Cascading Style Sheets, better known as CSS, is a style sheet language used for describing the look and formatting of a document written in HTML. CSS is one of the cornerstone technologies of the web and understanding it is crucial for any web developer. This guide will introduce you to the basics and help you master more complex CSS concepts.
At its simplest, CSS allows you to select elements and apply styles to them. You can select elements by tag name, class, or ID, and apply a multitude of different properties to them. Here's an example of what CSS looks like:
In this example, all paragraph (
<p>) elements will be styled with red text that is 18 pixels in size.
You can include CSS in your HTML documents in three ways: inline styles, internal style sheets, or external style sheets. However, it is generally recommended to use external style sheets as they promote reusability and separation of concerns.
CSS selectors are used to select the element(s) you want to style. There are several types of selectors, including:
Once you've selected an element, you can assign properties to it. Each property has a value, and together they form a declaration. Properties could be anything from the size of the text, to the color of the background, to the style of a border.
In CSS, each element is considered as a rectangular box. The CSS box model is essentially a box that wraps around every HTML element. It consists of: margins, borders, padding, and the actual content. Understanding this model is key to being able to create layouts with CSS, and to understand how padding, margin, and border affect your elements.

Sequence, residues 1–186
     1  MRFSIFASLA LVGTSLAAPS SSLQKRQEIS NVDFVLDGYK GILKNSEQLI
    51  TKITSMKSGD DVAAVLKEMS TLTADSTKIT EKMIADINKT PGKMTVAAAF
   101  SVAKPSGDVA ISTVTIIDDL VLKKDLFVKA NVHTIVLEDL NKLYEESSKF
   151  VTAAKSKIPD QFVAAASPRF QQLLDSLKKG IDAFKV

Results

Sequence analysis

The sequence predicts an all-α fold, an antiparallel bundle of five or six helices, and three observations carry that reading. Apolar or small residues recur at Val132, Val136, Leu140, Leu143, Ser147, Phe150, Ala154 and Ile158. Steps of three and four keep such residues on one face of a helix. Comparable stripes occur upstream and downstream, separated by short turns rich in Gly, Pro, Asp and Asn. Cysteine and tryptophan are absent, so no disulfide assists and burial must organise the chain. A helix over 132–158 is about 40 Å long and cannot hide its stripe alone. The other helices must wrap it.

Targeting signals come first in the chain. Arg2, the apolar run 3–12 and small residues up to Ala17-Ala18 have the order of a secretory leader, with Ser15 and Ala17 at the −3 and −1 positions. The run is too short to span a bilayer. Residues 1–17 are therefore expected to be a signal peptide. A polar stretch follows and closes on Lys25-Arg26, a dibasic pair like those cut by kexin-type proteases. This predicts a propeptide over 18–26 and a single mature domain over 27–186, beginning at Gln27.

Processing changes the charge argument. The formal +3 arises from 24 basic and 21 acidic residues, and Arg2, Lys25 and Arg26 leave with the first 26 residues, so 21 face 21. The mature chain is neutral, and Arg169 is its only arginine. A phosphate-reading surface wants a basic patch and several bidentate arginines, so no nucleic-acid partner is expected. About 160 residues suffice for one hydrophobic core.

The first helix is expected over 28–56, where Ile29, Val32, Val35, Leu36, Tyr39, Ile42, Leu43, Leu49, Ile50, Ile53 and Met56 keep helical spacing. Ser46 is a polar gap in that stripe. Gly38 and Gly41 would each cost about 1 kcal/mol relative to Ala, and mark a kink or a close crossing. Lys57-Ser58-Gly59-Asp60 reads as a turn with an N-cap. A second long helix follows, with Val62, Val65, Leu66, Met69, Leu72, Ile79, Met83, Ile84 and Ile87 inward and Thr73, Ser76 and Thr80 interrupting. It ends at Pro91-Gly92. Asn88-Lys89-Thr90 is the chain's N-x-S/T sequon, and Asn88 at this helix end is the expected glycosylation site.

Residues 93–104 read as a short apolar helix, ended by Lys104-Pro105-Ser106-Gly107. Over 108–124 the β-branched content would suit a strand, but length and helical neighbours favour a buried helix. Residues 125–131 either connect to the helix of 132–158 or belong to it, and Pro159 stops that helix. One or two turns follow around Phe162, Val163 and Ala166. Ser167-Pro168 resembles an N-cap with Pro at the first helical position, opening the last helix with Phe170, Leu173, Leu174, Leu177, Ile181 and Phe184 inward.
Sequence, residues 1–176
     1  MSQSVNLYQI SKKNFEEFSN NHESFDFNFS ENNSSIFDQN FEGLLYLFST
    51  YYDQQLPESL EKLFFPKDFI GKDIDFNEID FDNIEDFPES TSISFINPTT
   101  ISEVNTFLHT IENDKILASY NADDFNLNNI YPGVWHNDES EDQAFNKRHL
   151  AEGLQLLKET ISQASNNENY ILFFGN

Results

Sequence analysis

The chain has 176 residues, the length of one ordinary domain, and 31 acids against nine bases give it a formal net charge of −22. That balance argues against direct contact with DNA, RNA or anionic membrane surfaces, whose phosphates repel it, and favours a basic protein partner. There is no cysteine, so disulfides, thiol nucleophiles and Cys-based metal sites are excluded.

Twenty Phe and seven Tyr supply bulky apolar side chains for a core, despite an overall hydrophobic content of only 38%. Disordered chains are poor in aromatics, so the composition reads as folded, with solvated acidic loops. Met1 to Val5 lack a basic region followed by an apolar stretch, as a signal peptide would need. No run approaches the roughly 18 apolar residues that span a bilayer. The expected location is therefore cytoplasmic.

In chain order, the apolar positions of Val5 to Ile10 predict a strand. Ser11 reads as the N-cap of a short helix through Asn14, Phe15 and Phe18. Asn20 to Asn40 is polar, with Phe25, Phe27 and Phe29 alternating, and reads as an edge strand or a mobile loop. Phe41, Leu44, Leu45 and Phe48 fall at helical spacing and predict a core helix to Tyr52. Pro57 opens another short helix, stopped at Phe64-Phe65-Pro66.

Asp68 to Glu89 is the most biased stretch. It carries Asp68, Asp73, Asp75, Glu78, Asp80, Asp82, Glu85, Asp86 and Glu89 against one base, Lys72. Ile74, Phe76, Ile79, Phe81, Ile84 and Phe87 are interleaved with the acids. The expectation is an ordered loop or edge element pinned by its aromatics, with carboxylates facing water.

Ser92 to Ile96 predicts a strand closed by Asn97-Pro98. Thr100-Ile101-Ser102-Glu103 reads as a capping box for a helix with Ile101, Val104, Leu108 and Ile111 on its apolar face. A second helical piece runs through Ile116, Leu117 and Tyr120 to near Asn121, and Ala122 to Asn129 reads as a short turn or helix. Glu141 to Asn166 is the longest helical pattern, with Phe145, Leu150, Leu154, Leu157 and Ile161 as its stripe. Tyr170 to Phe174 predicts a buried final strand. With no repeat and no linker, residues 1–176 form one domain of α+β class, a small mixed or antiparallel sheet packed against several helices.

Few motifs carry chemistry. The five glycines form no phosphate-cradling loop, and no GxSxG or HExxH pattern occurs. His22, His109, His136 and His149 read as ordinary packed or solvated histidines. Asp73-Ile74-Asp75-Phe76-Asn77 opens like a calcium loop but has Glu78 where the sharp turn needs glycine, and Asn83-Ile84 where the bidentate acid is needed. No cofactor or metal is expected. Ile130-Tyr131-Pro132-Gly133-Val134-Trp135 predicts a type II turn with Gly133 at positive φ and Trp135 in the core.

CSS provides different methods for positioning elements. The
position property can take five different values:
sticky. Each of these values positions an element differently and understanding them is essential to mastering CSS.
For layouts, CSS offers several techniques such as Flexbox and Grid. These tools allow for complex layouts to be created with less code and more flexibility.
Responsive design is an approach that makes your web pages look good on all devices (desktops, tablets, and phones). CSS is the key technology that makes this possible. Media queries are a popular technique for creating responsive designs. They allow you to apply different styles depending on the characteristics of the device display.
In this example, the background color of the body changes to light blue when the screen width is 600px or less.
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